Toko US Brand Manager Ian Harvey commented, "Bryan Fletcher lives in Heber, Utah close to me and I have been impressed with him and his other teammates' professionalism and commitment.  It is my pleasure to support them."

"Switching to Toko was a fantastic opportunity," stated Taylor Fletcher, one of the top athletes on the USA Nordic Combined team. "The gloves have a great warmth to weight ratio.  Due to their European sizing, the size increments are smaller such that we can achieve a perfect fit.  I appreciate the personal touch that Ian has given the gloves as well as to our team".

USA Nordic is the parent organization for USA Nordic Combined and USA Ski Jumping and is based in Park City, Utah.  To stay connected with all of the USA Nordic Combined athletes, please visit www.usanordic.org and subscribe to our newsletter!

USA Nordic's Bryan Fletcher, a top Nordic Combined skier wearing Toko profi gloves in Winter Warrior color
Boulder Mountain Tour Wax Reports

BMT Co-Ed Team Sprint
In our underlayer test we found LF Red to be the best.  We ran a HF Blue/Red mix with Red JetStream 2.0 powder covered with Red JetStream 2.0 block.  
 
BMT 
We spent the week before the race testing in an inch or two of fresh snow and our ski results were consistent with the published Toko tip of using a slightly stiffer ski with a finer grind.  We again found success with the same HF Blue/Red mix as in the sprint.  JetStream Red 2.0 was a great powder choice since it has such an incredible range, although we both felt that our skis were fastest the final 15km.  We top coated with a block roto corked in as well as liquid.

Testing up at Galena Lodge on Friday conditions were new soft snow with temperatures in the mid twenties, just a couple degrees cooler than were forecast for race day of the Boulder Mountain Tour.  We found Toko LF Red running better than black waxes for a base layer, and HF Red also running very well.  So that's what we ran for base layers.  The Red has a great broad range, and mixing yellow and AX134 in wasn't helping.  We received around another foot of wet snow overnight which made for one of the most challenging BMT's ever!  We powdered the skis morning of, with many of our athletes opting for White/Clear base skis. Toko Red Helix 2.0 won our top coat test which made for an easy last step after adding a broken structure.  
 
-Chris Mallory
Sun Valley Gold Team Coach 
Why did we recommend avoiding soft skis in the Boulder Mountain Tour although the conditions were soft?

When new snow is soft and dry, soft skis are generally very good. However when the new snow is wet and soft, there are other considerations to take into account.  In soft new wet snow, two major considerations are flotation and moisture management.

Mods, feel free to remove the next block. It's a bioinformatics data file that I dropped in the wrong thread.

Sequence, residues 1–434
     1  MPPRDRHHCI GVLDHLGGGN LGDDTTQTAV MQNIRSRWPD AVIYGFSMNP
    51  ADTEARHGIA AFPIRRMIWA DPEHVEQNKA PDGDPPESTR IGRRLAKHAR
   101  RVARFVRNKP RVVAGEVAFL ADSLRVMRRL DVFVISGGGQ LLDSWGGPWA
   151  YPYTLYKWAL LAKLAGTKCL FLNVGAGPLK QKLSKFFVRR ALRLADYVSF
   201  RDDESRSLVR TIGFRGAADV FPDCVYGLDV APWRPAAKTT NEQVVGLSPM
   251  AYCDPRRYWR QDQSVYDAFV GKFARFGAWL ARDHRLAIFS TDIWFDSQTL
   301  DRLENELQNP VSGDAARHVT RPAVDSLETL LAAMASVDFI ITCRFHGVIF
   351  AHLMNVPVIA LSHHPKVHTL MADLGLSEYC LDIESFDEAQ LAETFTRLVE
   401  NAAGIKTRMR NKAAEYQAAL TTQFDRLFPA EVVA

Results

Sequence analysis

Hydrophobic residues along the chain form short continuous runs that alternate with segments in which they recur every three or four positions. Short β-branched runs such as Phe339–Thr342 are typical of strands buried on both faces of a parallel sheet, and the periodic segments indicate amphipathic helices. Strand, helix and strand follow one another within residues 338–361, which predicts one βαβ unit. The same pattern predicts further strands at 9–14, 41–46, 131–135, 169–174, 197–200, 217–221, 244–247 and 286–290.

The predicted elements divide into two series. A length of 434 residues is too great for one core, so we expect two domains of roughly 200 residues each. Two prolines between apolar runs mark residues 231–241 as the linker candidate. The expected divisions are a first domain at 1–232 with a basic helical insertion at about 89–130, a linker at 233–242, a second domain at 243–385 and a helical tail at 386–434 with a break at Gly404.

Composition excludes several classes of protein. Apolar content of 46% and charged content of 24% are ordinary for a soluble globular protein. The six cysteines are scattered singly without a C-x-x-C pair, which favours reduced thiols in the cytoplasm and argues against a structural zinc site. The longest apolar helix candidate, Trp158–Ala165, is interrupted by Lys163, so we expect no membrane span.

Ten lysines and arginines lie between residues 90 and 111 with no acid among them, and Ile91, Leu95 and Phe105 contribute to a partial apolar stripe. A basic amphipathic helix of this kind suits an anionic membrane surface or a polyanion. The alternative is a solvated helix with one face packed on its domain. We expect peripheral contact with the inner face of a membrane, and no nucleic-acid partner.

In new soft snow, when a person pushes off (skating), it is common for the skis to sink into the snow creating a braking effect and a huge energy loss.  Using a stiffer ski (or at least avoiding a soft ski) minimizes this issue because it provides a stronger and wider platform that is less likely to sink and result in energy and speed loss.

Unless new snow has a strong glaze or a strong moisture film on top, it is very sensitive to structure (especially in the mountain west).  We have had this snow all winter and have gained a lot of experience with it.  In addition to by using structure, moisture can also be managed by using a very hydrophobic wax (HF, JetStream, and HelX) and also a stiffer ski which reduces contact of the base on the snow.  For this reason in these conditions, a ski with more camber was advantageous.

I saw many people doing glide outs next to one another while tucking.  In this deep loose new snow, this is not an effective way of comparing skis because the stiffer ski will almost certainly be much better when the camber is being worked (while skiing and pushing off).  A softer ski would probably have been close in its gliding properties, but overall would have been poor comparatively.

Sophie Caldwell in Falun, Sweden finishing 3rd in the World Cup sprint qualifier!  This could be next year's catalog cover, we'll see!   Toko Classic gloves in black/silver. Photo: Nordic Focus
Visit TokoVideos.com for short, concise, and accurate "how to" videos.  The menu is separated into categories such as Alpine Race Tuning, Recreational Nordic Waxing, or Alpine Freestyle Tuning.  There are videos covering a ton of useful subjects and the average video is only a 3 minutes.

The Best Overall Way to Apply JetStream
Different application methods run differently in different types of snow.  For example, generally cold applications such as rotocorking or hand corking are fastest in colder powder snow and hot applications such as applying with a hot iron are best in wet and transformed snow.
We tested the same wax using many different application methods in a wide variety of conditions throughout a winter and found that the following application method was fastest or 2nd fastest in all conditions.  We also tested durability and dirt resistance and this was as good as any other application method.  So, this is our "default" recommended application method for applying JetStream.  We recommend you get familiar with it and use it for best results.
You will need Base Tex (Fiberlene), a good quality waxing iron (T14 or T18), a Nylon Polishing Brush, and a Thermo Cork.
The Best Way Overall to Apply JetStream for Nordic Ski Racing
The Best Way Overall to Apply JetStream for Nordic Ski Racing